Cormac Turner recalls coming to Dublin in January 1916, life in Larkfield camp, Kimmage and fighting in Hopkins and Hopkins during the Easter Rising.

Cormac Turner joined the Irish Volunteers on their formation in Dublin in November 1913. He was a member of the 3rd Battalion, Dublin Brigade but when he moved to Glasgow in search of work the following year he joined the local Volunteer company.

In this interview Turner recalls his early days in the Volunteers and being sworn into the Irish Republican Brotherhood (IRB) in 1915. Turner knew what he was getting involved in when he became a member,

"I understood it was a militant organisation... and it was more or less controlling the Volunteers".

In January 1916, Turner together with Volunteers Seamus Reader and Frank Scollan were chosen to go to Ireland after they had succeeded in raiding a colliery for explosives which were to be used in the Rising. Turner describes the raid and their journey to Ireland. They had to get the boat to Belfast and then travel to Dublin, as Turner recalls their trip was not without adventure.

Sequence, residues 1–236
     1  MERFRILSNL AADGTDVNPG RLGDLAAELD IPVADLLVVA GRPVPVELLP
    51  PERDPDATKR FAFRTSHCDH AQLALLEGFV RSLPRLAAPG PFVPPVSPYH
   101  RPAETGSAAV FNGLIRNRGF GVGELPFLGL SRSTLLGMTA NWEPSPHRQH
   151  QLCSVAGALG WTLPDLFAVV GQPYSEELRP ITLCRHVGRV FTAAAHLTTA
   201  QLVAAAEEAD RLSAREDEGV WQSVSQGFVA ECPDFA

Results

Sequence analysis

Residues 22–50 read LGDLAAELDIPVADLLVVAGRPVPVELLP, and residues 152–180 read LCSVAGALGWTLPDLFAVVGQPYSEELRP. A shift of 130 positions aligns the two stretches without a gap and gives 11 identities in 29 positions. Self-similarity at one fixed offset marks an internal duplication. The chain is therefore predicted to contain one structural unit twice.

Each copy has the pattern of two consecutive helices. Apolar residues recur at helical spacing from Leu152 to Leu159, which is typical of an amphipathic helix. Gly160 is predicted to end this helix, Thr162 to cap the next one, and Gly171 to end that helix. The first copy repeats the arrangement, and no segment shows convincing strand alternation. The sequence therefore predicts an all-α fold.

Turner then became a member of the 'Kimmage Garrison', a company mainly made up of Volunteers from London, Glasgow, Liverpool and Manchester. They were based in Larkfield, Kimmage, the home of Joseph Plunkett. Describing the camp Turner says it was

"Properly organised on military lines, we did our spell of training".

During the Easter Rising Cormac Turner fought in Hopkins and Hopkins, a jewellers located on the corner of O'Connell Street and Eden Quay, overlooking O'Connell Bridge. Turner regularly had to go back and forth to the GPO to get supplies and remembers that on his return from one such visit a civilian was killed by a British sniper opposite Hopkins and Hopkins. His intended victim was Turner.

Cormac Turner was interviewed on 29 March 1965.